Well, a researcher at the Chalmers Technological University, Max Ortiz Catalán, is working on a virtual reality technology that would ultimately reduce that chronic feeling that affects the quality of life of patients.

Your proposal is to show the affected ones a virtual image of their complete and moving member, making use of a monitor, a camera and a marker located in the stump. In this way, the scientist hopes to restore the brain state prior to amputation, showing him different movements in real time that are obtained by sensors placed on the surface of the stump and that would pick up the electrical activity of the muscles.

In the operating room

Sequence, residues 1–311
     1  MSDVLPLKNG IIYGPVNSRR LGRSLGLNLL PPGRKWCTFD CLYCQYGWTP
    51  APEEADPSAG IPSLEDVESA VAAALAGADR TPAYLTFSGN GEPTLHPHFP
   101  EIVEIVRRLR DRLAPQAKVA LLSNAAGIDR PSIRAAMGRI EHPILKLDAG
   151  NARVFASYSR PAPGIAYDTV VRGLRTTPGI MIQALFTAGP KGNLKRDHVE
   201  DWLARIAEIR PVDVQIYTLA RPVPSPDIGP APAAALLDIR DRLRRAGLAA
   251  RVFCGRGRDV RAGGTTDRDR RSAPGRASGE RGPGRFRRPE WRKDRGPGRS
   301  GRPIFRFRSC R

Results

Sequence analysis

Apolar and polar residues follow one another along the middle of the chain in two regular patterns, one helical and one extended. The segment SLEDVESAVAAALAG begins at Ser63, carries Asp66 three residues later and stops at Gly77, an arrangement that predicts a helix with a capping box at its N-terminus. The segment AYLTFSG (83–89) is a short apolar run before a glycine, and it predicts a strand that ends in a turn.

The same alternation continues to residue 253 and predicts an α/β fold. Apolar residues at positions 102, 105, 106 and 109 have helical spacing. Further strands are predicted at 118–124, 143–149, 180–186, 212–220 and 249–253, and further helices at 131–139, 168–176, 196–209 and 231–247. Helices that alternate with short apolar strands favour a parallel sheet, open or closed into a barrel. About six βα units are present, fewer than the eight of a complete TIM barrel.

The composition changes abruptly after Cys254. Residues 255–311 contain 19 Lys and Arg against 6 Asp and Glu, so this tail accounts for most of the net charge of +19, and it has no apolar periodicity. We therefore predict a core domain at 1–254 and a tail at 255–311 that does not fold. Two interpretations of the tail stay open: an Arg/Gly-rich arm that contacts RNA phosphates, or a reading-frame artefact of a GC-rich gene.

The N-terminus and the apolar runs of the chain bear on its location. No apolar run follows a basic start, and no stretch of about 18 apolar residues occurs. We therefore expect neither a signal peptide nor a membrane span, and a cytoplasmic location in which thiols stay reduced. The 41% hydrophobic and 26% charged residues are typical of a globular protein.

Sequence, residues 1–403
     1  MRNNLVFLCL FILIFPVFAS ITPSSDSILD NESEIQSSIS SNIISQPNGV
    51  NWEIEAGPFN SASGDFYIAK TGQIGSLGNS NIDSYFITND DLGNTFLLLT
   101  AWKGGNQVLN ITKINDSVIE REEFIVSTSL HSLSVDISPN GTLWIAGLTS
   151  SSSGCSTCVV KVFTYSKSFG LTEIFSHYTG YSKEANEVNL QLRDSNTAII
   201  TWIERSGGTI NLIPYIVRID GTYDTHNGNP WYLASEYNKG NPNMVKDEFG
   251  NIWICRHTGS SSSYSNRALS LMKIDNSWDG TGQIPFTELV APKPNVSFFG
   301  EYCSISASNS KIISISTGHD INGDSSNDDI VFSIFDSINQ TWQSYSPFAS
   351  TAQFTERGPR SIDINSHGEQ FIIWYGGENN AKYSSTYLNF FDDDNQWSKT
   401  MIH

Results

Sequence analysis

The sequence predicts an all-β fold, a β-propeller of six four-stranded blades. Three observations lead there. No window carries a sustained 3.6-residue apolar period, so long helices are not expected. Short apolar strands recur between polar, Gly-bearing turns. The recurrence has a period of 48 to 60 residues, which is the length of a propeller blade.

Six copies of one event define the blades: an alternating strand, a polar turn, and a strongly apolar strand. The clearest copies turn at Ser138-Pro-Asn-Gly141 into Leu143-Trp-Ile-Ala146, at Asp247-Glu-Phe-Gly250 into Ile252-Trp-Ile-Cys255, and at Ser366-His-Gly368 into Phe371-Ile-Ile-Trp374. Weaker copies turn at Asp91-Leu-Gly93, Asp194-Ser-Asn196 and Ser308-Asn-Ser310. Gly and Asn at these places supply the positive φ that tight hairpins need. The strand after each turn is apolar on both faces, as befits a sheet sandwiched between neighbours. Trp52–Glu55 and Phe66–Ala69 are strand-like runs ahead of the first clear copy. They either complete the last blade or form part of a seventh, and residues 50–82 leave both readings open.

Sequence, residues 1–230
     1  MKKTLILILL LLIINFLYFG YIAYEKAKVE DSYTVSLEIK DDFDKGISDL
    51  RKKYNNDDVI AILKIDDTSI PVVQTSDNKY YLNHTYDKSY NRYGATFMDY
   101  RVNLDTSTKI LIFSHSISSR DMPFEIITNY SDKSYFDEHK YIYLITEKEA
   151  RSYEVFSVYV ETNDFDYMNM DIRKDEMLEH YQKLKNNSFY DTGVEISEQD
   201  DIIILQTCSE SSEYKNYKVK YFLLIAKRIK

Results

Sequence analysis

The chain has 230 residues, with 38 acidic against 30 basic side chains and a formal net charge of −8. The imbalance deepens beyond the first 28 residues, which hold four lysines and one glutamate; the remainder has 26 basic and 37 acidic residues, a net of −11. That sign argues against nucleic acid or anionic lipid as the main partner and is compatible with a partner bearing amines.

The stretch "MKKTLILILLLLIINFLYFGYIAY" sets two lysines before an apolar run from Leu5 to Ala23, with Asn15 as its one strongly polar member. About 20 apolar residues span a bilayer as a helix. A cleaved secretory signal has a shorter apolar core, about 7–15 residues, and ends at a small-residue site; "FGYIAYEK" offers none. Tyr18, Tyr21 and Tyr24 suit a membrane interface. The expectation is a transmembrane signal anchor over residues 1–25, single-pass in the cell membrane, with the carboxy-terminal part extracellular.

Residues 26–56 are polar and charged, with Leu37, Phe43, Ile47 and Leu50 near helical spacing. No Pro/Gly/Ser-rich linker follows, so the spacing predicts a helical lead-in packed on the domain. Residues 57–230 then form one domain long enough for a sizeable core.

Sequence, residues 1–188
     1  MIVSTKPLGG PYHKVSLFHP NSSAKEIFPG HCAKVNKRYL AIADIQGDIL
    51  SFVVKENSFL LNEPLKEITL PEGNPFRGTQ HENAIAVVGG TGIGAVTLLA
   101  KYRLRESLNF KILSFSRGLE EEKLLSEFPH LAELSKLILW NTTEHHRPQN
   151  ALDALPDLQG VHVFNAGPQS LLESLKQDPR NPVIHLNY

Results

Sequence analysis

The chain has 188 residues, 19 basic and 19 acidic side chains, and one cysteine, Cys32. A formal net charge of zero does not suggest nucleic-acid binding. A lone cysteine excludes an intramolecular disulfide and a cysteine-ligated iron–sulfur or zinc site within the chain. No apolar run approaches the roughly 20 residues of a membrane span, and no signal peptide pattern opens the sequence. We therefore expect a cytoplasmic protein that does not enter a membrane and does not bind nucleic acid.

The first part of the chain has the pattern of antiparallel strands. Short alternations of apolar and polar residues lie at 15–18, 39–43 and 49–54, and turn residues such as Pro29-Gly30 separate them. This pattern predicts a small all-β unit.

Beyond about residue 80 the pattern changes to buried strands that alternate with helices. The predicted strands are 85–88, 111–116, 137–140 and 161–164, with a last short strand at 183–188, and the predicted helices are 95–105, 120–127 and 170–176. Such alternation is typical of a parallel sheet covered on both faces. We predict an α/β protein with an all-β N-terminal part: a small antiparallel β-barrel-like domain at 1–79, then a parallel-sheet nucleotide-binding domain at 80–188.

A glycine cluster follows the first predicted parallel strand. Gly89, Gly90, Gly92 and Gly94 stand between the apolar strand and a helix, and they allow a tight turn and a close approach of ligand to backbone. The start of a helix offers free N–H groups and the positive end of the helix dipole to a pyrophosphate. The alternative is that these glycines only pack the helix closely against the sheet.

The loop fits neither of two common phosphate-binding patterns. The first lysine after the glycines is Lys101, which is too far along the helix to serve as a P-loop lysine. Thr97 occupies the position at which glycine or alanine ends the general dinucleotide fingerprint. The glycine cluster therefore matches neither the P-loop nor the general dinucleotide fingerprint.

We are now talking about an application not of virtual reality, but of its sister, the mixed reality. As recently demonstrated by the Hospital Gregorio Marañón, the startup Exovite and Microsoft, this technology can be used in surgical environments to more easily access all patient information, from a CAT scan to resonances, through its X-rays and 3D reconstruction models.

In the first experience with mixed reality (a muscle tumor operation), surgeons could visualize without a device that a HoloLens glasses endless valuable documentation: anatomical material of 2D consultation, 3D reconstruction from a CT and a Magnetic Resonance of the patient, some radiography, the radiological sections of the magnetic resonance, a surgical atlas …

All these data are displayed on a wall, a surgical table or on the patient, thanks to the fact that the glasses make a total mapping of the operating room and the different elements that exist in the room.